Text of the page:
In relation to the defence under Art 6(1)(b), Jacob LJ noted that in all cases of comparative advertising a trader would invariably take advantage of a universally recognized product to sell its own product. As an example, the judge cited the necessity of the generic drug merchant who will need to tell his customers that he is selling the generic version of a drug that is well-known under a trade mark.
Was unfair advantage taken by free riding?
L'Oreal brought a further claim under Art 5(2) of the Directive, which states that a trade mark holder may prevent a third party from using the trade mark in a manner that takes unfair advantage of, or is detrimental to, the reputation of the trade mark. Jacob LJ noted that the connection between the defendants' packaging and the registered mark did confer an advantage on the defendants since it enabled them to charge more than they would have otherwise been able to if such a connection did not exist. However, Jacob LJ did not believe that such use was unfair, stating "where there is no harm, present or prospective, caused to the mark, its distinctive character or to the mark owner or his business, present or reasonably prospective, I see no reason to say that such a use is 'unfair.'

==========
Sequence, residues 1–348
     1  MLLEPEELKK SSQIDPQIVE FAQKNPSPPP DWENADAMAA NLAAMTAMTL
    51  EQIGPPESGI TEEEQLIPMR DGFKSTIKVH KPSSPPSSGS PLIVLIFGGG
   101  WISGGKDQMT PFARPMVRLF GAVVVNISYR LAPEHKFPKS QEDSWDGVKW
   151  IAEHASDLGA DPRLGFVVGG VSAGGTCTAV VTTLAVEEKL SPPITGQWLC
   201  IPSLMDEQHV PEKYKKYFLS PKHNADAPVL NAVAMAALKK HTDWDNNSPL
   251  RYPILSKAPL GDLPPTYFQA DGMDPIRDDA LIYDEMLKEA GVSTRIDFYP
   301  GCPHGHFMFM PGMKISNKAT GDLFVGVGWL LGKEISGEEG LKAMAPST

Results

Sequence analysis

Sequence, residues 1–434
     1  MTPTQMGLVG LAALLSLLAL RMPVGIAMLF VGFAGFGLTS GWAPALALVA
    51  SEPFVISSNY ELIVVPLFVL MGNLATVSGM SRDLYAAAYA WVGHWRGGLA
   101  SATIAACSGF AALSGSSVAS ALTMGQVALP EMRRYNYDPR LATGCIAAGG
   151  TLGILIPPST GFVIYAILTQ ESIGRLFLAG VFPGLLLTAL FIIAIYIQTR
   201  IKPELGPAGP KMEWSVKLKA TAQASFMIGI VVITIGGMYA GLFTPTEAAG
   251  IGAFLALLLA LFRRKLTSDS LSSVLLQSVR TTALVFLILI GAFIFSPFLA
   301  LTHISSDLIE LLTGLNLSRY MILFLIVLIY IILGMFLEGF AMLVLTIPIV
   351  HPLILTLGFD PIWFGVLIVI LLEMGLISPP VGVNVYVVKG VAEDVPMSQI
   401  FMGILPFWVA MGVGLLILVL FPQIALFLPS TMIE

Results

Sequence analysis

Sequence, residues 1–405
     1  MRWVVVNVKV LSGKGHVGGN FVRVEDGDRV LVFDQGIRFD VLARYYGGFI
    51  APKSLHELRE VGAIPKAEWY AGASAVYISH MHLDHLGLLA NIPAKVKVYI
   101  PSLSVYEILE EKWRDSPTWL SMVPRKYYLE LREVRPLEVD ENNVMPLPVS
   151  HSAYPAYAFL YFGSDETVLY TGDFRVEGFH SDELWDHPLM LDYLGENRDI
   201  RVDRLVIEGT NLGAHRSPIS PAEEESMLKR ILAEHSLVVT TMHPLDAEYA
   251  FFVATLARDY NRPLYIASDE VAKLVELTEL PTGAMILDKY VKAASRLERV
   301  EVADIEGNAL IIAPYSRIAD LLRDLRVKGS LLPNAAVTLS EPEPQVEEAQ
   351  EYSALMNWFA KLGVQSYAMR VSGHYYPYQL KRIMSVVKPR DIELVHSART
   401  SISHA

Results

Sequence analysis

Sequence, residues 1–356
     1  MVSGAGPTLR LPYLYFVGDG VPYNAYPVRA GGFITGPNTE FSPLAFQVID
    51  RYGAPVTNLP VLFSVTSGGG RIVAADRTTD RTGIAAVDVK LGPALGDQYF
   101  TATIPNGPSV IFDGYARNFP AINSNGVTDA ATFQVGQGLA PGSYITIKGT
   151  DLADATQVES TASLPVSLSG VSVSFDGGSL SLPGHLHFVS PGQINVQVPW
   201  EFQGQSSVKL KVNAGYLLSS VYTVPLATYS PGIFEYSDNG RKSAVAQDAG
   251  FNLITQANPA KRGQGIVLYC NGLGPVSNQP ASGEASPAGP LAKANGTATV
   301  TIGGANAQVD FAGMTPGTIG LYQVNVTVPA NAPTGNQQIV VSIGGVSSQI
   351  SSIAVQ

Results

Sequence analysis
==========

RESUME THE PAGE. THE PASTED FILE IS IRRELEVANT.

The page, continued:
Passing off and unfair competition
Jacob LJ held that an action in passing off could not be established as consumers were unlikely to confuse genuine L'Oréal products with cheaper imitations, even if they smell similar. Jacob LJ pointed out that products in question do not compete with each other, are priced differently and are aimed at separate markets.
Jacob LJ also rejected L'Oréal's argument that the common law should be extended to embrace a tort of "unfair competition" which did not require misrepresentation, stating that it was not for judges to legislate into existence new categories of intellectual property rights. Moreover, he pointed out that "there are real difficulties in formulating a clear and rational line between that which is fair and that which is not".